Published March 15. 2013 4:00AM
East Lyme - Residents and the state Siting Council weighed a proposal Thursday to build solar panels to produce 5 megawatts of energy on land on Grassy Hill and Walnut Hill roads.
The 17,500 photovoltaic panels and equipment would stretch across roughly 35 acres of the 76-acre land parcel near the Montville border.
In 2011, the state Department of Energy and Environmental Protection had selected GRE 314 East Lyme, a limited liability company under Middletown-based Greenskies Renewable Energy, to enter into a renewable-energy purchasing agreement with a utility company.
Greenskies is proposing to begin installing panels, expected to last 25 years, in July with completion by the end of the year.
Following a field visit of the company's proposed site Thursday afternoon, the Siting Council asked the company questions at a public hearing spanning from details on drainage and maintenance to noise levels.
In response to a question about the project's lifespan, Robert Landino, the Greenskies Board of Directors chairman, said the company would ask Connecticut Light & Power to continue to buy power after the expiration of the 20-year purchasing agreement with the company. If not, he said Greenskies would restore the site by removing the panels.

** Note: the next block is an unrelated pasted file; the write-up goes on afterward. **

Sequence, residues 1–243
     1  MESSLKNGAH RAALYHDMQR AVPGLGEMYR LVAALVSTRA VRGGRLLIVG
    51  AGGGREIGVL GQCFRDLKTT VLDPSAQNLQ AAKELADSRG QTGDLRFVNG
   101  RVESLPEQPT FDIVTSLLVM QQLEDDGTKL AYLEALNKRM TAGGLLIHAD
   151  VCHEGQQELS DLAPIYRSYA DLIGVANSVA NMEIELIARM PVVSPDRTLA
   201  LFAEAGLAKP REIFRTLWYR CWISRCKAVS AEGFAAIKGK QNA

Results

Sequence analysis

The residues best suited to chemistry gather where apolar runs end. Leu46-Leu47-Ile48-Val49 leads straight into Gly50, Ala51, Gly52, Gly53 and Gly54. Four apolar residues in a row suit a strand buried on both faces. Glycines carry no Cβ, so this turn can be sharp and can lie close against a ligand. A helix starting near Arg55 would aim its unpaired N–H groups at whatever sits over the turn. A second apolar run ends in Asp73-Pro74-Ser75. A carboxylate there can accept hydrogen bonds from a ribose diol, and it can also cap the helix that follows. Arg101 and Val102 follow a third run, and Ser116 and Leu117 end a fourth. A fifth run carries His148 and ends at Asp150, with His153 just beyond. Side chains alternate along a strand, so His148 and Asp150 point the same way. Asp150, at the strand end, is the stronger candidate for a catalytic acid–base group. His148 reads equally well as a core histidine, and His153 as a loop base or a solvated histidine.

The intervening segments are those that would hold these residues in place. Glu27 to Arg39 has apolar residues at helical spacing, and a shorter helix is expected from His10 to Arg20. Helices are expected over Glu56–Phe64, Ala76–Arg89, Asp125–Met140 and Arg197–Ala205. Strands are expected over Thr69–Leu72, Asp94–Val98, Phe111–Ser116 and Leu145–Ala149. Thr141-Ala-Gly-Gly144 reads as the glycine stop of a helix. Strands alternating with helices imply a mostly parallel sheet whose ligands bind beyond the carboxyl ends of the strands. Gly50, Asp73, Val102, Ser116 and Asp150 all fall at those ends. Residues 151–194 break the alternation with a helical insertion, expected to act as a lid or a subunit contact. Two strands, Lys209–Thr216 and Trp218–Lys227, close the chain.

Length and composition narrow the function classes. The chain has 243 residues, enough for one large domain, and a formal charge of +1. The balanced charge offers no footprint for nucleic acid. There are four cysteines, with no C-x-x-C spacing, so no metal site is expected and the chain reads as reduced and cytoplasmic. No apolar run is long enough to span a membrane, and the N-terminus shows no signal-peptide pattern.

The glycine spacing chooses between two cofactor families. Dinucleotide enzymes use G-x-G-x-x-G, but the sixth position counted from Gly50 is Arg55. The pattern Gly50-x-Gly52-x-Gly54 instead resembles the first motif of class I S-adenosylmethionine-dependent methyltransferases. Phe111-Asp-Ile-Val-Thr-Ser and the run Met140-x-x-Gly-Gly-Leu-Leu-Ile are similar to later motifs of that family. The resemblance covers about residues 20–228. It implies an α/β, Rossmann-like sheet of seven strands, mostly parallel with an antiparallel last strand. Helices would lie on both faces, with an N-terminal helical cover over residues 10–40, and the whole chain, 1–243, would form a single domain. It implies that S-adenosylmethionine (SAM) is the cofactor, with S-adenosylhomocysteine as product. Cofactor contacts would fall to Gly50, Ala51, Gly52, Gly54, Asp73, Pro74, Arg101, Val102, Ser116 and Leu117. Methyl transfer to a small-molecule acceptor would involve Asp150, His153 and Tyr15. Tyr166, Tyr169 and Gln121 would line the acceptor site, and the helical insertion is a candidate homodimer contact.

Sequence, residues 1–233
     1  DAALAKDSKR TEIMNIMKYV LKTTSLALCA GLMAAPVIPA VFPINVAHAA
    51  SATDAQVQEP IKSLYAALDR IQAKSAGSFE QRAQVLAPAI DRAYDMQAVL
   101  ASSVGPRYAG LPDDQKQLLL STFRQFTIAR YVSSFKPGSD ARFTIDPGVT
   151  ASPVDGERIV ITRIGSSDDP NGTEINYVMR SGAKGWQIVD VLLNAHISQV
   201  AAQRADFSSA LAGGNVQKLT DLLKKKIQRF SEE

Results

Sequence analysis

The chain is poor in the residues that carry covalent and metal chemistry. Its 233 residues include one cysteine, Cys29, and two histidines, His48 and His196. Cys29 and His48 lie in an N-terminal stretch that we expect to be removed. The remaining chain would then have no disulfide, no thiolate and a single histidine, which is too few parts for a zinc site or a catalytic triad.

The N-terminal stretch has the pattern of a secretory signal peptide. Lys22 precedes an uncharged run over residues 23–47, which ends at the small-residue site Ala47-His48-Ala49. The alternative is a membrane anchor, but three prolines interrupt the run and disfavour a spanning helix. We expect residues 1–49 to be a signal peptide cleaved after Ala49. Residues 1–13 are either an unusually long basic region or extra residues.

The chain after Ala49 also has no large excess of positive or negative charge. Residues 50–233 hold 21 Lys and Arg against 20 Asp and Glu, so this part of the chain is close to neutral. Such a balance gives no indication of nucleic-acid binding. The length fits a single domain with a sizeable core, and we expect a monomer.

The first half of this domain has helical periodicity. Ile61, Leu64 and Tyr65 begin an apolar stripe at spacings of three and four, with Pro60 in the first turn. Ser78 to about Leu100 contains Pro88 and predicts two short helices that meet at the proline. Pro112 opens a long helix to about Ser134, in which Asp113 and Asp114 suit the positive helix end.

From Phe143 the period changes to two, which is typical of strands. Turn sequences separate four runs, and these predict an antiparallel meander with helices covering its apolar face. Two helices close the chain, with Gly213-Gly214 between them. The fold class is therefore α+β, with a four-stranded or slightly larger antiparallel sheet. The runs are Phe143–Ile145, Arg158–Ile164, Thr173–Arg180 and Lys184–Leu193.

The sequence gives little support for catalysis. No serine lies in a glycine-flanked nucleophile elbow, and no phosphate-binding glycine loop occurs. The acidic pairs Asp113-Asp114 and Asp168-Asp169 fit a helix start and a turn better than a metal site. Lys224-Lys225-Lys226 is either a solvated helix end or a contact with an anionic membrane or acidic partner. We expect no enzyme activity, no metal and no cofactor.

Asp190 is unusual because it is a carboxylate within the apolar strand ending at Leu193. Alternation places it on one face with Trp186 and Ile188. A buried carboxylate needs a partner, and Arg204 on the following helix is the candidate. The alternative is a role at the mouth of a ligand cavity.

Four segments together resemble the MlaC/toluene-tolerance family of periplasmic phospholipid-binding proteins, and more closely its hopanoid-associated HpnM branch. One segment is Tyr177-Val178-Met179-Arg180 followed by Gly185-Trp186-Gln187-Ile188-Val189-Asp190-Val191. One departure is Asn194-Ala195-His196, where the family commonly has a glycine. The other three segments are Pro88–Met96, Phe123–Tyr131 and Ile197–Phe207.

He added that the panels' 25-year lifespan estimate was "conservative" and that the panels could still provide energy for another entity, perhaps the town.
The second hearing session for public comment, held in the evening, drew about 18 residents.
Deputy First Selectman Mark Nickerson thanked the Siting Council for its work and for conducting the proceedings in town.
"The town officially remains neutral on this position, but we are neutral as long as this project remains a taxable concern," Nickerson said of the solar field.
Luane Lange, chairwoman of the Historic Properties Commission, supported ensuring that the 18th century "Tinker House" on Walnut Hill Road is preserved. Later in the meeting, Landino said the company plans to preserve and renovate the house.
Resident Bob Hudyma said Pigeon Hill, the site of the proposed development, experiences frequent lightning strikes because of its elevation. In researching solar panels, he said he found they are "made of over 50 toxins which are cancer-causing." He said whether he supports or opposes the project is now a "toss-up," because of his concerns that if lightning broke the panels, toxins could reach residents' drinking water.
In response, Landino said Greenskies' solar panels have built-in lightning protection. In addressing security concerns, he said the company, which plans to operate the panels virtually, is also willing to install security cameras.